Mendelsohn: If it sticks in my head, it's a hook. Doesn't matter how creepy it is.

Your complaint that Young could never quiet stick the melody on this record may have more to do with this being a live recording than anything else. On the flip side, the live playing adds an element of raw energy and improvisation that cannot be recreated in the studio. When Young does stick the landing, you end up with a great song like "Powderfinger", a terrifically executed yet deeply sad song made all that much better thanks to the back of Crazy Horse.

Klinger: Well, "Powderfinger" is certainly evocative of sadness, although I'm still not sure I fully understand the lyrics enough to find it actually sad. Did you know that Young originally wrote that song for Lynyrd Skynyrd? Their so-called feud might not have been quite the death match that some of their fans made it out to be. And your point about it being a live album is well-taken (although given that he was performing unfamiliar songs in concert, it's quite likely that he was performing to people who were in line for the bathroom).

Mendelsohn: That one surprised me a little bit. Apparently he hadn't written both "Sedan Delivery" and "Powderfinger" for his friend Ronnie Van Zant. I don't think there is much mystery to "Powderfinger". A young man gets killed because of his inability to make a decision.

It might be the third most straightforward song on this album. Number one being "Welfare Mothers"—no question what that song is about. The second being the bookends of "My My Hey Hey".

Klinger: At any rate, I'm still inclined to believe that a big part of the critical appeal of Rust Never Sleeps lies in the conceptual framework that's established with "My My Hey Hey"/"Hey Hey, My My". Not only is it among his most lyrically straightforward songs, but it also serves as a statement of purpose for rock and/or roll that manages to be inclusive at a time when critics were looking to punk to save pop music from Andy Gibb. Throughout this period, Young seemed to stretch out quite a bit, jamming with Devo and writing a song like "Thrasher", which certainly comes across as an extended dig at Crosby, Stills and Nash. Of course, he it wasn't long before stretched himself a bit too far (Icarus-like? Maybe like Icarus…) with the synth-drenched, robot-voiced Trans (a record that I have literally no problem with, by the way).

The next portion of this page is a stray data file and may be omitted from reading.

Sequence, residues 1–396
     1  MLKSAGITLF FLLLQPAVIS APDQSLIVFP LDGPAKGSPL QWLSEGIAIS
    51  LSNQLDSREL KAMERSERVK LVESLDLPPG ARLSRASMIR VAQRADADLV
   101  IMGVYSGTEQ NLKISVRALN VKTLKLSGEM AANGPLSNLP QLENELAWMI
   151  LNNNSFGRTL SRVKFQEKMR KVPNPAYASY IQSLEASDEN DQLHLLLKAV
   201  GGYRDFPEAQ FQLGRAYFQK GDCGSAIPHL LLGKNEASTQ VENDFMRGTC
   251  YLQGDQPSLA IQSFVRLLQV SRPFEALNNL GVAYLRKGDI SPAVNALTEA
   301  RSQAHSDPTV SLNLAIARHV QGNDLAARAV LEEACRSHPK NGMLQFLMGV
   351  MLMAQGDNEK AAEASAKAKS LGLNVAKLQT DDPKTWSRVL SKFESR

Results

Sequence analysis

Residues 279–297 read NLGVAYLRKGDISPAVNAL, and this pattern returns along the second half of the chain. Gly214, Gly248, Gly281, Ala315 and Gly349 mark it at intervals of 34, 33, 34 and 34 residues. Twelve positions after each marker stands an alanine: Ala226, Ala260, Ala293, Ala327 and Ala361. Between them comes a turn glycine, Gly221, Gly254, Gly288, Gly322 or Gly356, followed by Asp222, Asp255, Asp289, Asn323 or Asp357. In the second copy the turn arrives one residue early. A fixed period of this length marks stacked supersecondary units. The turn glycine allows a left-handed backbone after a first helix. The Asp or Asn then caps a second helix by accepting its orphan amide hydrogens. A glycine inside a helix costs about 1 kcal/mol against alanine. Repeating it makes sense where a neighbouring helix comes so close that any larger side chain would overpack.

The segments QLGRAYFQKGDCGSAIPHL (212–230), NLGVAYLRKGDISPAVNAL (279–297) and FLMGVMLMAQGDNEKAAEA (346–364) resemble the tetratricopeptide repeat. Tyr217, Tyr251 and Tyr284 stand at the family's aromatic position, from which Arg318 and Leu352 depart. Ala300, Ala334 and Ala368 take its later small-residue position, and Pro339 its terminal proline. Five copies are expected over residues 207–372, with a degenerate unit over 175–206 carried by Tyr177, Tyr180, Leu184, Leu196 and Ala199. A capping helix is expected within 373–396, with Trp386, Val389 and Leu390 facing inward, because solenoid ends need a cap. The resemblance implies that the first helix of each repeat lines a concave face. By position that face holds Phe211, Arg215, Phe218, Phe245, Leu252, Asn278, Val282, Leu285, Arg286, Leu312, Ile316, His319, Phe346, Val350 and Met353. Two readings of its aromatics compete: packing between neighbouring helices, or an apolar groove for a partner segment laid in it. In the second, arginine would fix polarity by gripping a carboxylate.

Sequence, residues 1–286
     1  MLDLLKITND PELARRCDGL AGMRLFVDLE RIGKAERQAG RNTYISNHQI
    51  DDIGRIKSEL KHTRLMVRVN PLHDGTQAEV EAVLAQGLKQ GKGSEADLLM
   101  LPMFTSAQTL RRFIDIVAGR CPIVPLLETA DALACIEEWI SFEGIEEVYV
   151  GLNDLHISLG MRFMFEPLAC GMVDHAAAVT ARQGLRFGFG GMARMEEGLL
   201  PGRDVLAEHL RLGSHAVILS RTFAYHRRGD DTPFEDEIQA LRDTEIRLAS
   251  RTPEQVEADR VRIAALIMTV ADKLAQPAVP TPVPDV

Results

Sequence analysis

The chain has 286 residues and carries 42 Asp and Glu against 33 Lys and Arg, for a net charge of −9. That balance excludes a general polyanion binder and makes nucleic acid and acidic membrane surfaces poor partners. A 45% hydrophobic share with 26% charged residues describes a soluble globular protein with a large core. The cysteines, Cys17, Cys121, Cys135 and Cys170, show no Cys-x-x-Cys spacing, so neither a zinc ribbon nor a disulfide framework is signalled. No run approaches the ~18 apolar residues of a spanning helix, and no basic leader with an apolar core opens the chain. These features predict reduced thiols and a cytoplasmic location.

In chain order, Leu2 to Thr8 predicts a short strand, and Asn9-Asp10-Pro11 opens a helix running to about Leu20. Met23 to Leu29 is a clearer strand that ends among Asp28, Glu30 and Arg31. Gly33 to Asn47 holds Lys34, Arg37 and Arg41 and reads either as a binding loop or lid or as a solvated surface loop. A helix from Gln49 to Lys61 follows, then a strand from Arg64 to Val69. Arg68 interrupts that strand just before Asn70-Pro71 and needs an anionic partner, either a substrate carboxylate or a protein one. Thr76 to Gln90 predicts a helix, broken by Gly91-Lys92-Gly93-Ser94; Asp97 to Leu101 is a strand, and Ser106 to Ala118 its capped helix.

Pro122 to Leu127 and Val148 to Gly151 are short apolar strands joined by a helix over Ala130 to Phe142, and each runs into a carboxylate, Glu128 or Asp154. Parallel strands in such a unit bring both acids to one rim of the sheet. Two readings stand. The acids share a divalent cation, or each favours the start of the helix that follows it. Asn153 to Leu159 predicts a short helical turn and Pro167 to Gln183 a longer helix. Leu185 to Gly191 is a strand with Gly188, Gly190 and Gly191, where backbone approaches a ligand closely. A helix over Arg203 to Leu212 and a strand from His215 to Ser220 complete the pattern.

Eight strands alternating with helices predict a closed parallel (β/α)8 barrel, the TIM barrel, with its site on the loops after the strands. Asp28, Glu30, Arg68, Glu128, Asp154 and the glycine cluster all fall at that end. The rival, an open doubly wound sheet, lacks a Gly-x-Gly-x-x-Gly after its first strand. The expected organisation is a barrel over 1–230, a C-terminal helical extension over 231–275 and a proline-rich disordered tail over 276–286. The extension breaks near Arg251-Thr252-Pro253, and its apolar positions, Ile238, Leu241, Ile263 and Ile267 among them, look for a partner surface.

Mendelsohn: Well you may be the only one. Young has 15 albums on the Great List, spread fairly evenly throughout the Top 3000. Trans isn't one of them.

Klinger: Yeah, I know I'm the odd one out here—Trans is considered one of the great follies of rock, but I just can't help admiring its perversity. And really, whenever critics praise Young for his ornery thorniness and thorny orneriness on songs like "Hey Hey, My My", which they do, they're really looking at the other side of the coin as Trans.

Mendelsohn: "Hey Hey, My My (Into the Black)" is also the culmination of the electric shronk that Young had been playing with on After the Gold Rush. That song may have planted the seed for grunge with its thick guitar riff and off-kilter solo. You know, I never really understood the connection between the grunge bands of the 1990s and Young's music until just now. It didn't click until I said it out loud. It all makes sense now.

Klinger: Sure, but then again, I'm not really a nut for grunge either. In fact, I think it was around that time that I had more or less given up on the idea that I would ever really like Neil Young. It wasn't until this project forced me to sit and listen to his facility for a melody that I started to see him as a lot more than Eddie Vedder's spiritual forebear. And again, that's why I'm kind of disappointed with Rust Never Sleeps and tend to think of it as iconic more for the stance it seems to be taking rather than the way it goes about saying it.

Mendelsohn: I don't think Rust Never Sleeps is as lacking in melody as you make it out to be. It may not be as overt as his previous efforts, but I that's the thing I'm really starting to appreciate about Young—he went wherever the muse took him. Folk rock, alt-country, proto-grunge, electric-voiced weirdness, it all adds up to an astonishing career. Rust Never Sleeps was just another high point and Young astutely pointed out what everyone wanted to say about rock 'n' roll but didn't know how. Sure, it's a little off and has some rather odd lyrical material, but at the end of the day, what more could we ask for from an artist like Neil Young?